Blog: Ailin Conant

The director of Theatre Témoin discusses The Marked, a new show using mask, puppetry and physical theatre to share real-life stories of homelessness

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Homelessness is on the rise. There has been a 133 per cent increase in rough sleepers between 2010 and 2017. Homelessness has more than doubled, with the cuts to services and more and more people falling through the widening gaps in the social safety nets. For context, homelessness had been steadily decreasing in the years leading up to 2010, so these figures are appalling, and are direct evidence of the impact of seven years of social failure under a Tory government. This is what “austerity” means: more of society’s most vulnerable in harm’s way. I don’t know if theatre can make a difference. I do know that as theatre-makers we need to, at the very least, try to make a difference. So that’s what we’re doing.

Theatre Témoin was founded in Toulouse in 2007 by graduates of the London International School of Performing Arts (LISPA) as a forum for creating new works of theatre that are both socially engaged and fun. We tell under-told stories in a visually and physically compelling style, with direct input from the communities whose stories we present. We are passionate about developing a canon of exceptional quality that includes under-represented voices, builds bridges between communities and brings a diverse range of people to theatre in a meaningful, lasting way.

Our latest show, The Marked, was built off of the back of an 18-month mask workshop programme delivered in partnership with St Mungo’s and Cardboard Citizens. The piece explores the psychological journey of a young boy sleeping rough who is grieving over the loss of his mother. The characters draw on the advice and stories of many of our participants but aren’t “based” on specific people. Touring the piece to hostels and day centres, however, it was powerful to see how many people connected with Jack and his experience. We learned that there are some universal themes to the experience of homelessness, and with the consultation and advice of over a hundred people with experience of homelessness, have managed to capture and communicate a few of them in this piece and its characters.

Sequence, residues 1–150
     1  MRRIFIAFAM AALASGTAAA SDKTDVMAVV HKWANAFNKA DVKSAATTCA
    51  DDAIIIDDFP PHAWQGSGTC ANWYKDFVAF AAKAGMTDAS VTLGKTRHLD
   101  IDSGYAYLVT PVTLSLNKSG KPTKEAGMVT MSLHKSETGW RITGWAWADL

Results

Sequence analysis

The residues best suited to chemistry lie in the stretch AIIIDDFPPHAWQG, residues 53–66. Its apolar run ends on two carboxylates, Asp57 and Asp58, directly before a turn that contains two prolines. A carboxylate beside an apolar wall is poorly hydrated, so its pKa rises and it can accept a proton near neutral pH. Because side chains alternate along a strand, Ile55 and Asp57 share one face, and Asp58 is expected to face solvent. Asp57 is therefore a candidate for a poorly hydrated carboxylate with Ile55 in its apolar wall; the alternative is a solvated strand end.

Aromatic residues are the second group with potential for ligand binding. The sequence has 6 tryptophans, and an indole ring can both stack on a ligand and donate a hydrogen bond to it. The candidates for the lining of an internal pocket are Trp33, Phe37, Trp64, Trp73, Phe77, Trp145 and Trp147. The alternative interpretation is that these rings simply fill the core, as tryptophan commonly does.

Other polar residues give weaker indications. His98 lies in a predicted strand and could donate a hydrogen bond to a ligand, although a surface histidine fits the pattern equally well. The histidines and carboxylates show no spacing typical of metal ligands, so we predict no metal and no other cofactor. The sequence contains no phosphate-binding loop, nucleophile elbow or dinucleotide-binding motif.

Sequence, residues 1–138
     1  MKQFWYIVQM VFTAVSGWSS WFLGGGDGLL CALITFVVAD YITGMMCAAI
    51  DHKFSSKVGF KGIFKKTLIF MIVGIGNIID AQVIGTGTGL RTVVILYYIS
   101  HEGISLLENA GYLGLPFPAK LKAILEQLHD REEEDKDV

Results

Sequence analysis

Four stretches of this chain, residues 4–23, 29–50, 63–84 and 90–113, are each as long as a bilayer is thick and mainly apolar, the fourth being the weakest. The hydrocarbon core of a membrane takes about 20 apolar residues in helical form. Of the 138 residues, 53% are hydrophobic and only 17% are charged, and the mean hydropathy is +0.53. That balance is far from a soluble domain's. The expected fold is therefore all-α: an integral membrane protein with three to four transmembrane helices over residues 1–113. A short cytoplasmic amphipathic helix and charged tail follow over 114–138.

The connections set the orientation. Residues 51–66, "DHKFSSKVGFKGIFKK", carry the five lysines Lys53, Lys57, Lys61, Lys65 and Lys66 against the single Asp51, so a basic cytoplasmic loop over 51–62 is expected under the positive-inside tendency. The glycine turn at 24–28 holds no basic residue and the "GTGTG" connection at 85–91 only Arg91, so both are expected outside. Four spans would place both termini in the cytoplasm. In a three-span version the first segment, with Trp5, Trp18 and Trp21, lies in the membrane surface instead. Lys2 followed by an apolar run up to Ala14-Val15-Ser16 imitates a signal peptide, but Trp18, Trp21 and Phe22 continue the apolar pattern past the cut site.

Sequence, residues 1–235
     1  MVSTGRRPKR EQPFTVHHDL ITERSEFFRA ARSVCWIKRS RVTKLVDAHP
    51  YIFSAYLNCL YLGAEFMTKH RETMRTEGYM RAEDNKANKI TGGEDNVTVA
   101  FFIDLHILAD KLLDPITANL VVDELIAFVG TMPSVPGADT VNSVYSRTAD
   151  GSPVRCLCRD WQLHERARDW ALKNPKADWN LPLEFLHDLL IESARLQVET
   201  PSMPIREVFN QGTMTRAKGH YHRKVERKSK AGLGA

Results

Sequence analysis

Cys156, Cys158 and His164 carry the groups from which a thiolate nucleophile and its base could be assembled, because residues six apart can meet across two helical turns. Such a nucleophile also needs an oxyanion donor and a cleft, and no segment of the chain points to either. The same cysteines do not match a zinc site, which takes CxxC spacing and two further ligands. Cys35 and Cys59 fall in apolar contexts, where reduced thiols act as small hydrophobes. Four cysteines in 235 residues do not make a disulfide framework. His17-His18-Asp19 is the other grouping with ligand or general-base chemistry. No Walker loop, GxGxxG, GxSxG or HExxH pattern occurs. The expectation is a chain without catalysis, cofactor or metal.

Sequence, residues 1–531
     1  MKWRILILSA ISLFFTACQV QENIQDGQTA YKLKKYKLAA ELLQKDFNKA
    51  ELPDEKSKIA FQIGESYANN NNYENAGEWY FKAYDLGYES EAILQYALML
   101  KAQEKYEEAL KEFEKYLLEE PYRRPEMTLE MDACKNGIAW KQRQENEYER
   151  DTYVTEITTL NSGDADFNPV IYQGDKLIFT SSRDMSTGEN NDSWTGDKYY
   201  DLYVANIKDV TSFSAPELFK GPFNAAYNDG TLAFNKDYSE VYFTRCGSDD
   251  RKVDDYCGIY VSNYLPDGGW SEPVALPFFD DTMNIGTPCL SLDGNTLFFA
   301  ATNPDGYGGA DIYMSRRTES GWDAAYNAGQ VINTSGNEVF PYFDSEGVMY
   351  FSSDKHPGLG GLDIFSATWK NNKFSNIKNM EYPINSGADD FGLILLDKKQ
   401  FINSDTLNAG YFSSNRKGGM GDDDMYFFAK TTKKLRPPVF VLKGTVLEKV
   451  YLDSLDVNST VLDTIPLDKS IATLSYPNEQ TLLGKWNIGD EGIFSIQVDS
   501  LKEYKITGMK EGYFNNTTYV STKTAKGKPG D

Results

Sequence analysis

We worked with people with experience of homelessness, first through mask workshops and then more directly, with two consultants who worked with us as advisers in the rehearsal room. We them took the piece on a tour of nine hostels and day centres to gain additional feedback before we finally premiered. It was a long and involved process – we wanted to make sure to get it right.

I don’t think you can change someone’s entire world in an hour. But I do think you can plant a seed, and that’s what we hope to do with The Marked. I hope audiences will take away an expanded awareness, a curiosity about the stories of the people they pass every day, and I hope this awareness will lead to an empathetic discomfort, and that this discomfort will lead to action.

Physical theatre is our aesthetic as a company. It can be powerful way to get beyond what I like to call the social dimension – the external reality of a situation that you share objectively with someone – and move into the emotional dimension – the subjective experience of something, the enormity of a personal journey lived from the inside.

Touring The Marked to homeless shelters has certainly been a career highlight. For me the career highlights are subtle. They are the moments when you feel like you’re doing something really different, something people aren’t doing yet, and therefore maybe – just maybe – you’re actually making some kind of difference. Here we have this show that we know thousands of theatregoers have appreciated and been moved by, and we know that before it even premiered it was seen and debated and shaped by groups of people who had never been to the theatre, but who knew more about how to tell this story than us or anyone else. It feels like serving something bigger.

The Marked comes to The Lowry, Salford, 20 May and The Hub @ Slung Low, Leeds, 4 June. Photo: Idil Sukan

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